Gargamel is a degenerate middle-aged wizard who wears a bathrobe and is constantly after Smurf essence for its magical powers, which are considerable. Considerable, but completely unavailable to the Smurfs themselves for some unexplored reason. Fortunately, Gargamel’s incompetence is only exceeded by his general creepiness.
The story, such as it is concerns, Clumsy Smurf accidentally leading Gargamel to the hidden Smurf village, and the ensuing rampage (which is kind of horrifying) causes a group of Smurfs to go to the forbidden zone which contains a portal to New York City, wherein they meet up with a young(ish) ad exec on the verge of either great success or failure. So they have to get back before Gargamel captures them and, I dunno, takes over the world or something.
There are some problems with this film, to say the least. The first and foremost is that it’s a really stupid concept. I mean, Smurfs in general are. There’s just not much to hang your hat on there. You know what Grouchy Smurf. Gutsy Smurf and Clumsy Smurf are gonna do at any given moment.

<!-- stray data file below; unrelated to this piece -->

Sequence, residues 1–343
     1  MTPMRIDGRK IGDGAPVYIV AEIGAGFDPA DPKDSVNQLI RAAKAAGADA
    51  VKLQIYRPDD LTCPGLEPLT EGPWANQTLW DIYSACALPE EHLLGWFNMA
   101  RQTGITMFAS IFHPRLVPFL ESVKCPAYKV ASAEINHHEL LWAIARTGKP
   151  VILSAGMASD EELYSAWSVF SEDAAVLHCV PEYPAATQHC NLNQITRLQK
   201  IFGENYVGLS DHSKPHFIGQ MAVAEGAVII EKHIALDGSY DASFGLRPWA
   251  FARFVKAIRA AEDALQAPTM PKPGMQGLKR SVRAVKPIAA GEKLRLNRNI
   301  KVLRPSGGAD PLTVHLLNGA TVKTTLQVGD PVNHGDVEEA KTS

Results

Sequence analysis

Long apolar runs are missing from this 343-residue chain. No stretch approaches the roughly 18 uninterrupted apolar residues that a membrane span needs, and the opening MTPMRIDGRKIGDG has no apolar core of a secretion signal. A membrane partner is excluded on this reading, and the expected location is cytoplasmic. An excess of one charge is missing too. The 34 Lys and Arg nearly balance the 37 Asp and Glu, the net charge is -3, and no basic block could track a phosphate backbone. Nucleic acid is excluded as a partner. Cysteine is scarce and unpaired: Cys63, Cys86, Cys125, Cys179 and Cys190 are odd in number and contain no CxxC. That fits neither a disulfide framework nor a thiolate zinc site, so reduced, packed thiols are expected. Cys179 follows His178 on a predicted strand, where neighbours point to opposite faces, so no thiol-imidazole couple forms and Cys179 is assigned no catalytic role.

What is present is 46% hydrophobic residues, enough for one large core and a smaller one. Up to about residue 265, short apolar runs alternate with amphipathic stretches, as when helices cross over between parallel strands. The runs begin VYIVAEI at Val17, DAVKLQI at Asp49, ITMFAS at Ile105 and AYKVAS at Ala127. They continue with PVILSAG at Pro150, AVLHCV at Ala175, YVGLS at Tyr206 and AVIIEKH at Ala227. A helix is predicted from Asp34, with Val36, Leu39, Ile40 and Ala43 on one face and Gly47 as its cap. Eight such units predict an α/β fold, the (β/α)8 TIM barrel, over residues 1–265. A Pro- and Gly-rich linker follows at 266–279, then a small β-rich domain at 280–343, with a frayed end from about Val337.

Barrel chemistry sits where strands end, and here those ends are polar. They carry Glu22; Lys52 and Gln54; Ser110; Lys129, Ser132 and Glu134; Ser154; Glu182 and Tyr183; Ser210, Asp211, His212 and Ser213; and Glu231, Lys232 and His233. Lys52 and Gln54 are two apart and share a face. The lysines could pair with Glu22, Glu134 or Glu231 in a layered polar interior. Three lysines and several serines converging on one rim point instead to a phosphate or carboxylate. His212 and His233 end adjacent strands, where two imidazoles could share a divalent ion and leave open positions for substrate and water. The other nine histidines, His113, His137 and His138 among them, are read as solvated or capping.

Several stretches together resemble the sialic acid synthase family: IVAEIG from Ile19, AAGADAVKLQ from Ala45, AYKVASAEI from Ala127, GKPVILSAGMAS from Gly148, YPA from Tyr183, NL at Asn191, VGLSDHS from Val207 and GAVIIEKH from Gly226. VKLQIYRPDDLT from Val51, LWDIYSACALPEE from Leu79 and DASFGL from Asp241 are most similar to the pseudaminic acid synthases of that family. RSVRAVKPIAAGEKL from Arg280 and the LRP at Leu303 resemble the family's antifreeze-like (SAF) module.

The second one is that the voices don’t work. Not that they’re bad, exactly. It’s just that they don’t really seem to be coming out of the Smurfs themselves most of the time. Sound mixing fail.
The third is that Gargamel usually comes off like a creepy perverted avuncular figure than exactly evil. I mean, he is evil. His intentions seem to be to enslave the Smurfs, after all. But, probably to avoid being too scary, he’s more of a weirdly comic figure. His cat, Azrael is a CGI disaster, combining a completely literal cat with human facial expressions and movement. Pure nightmare fuel.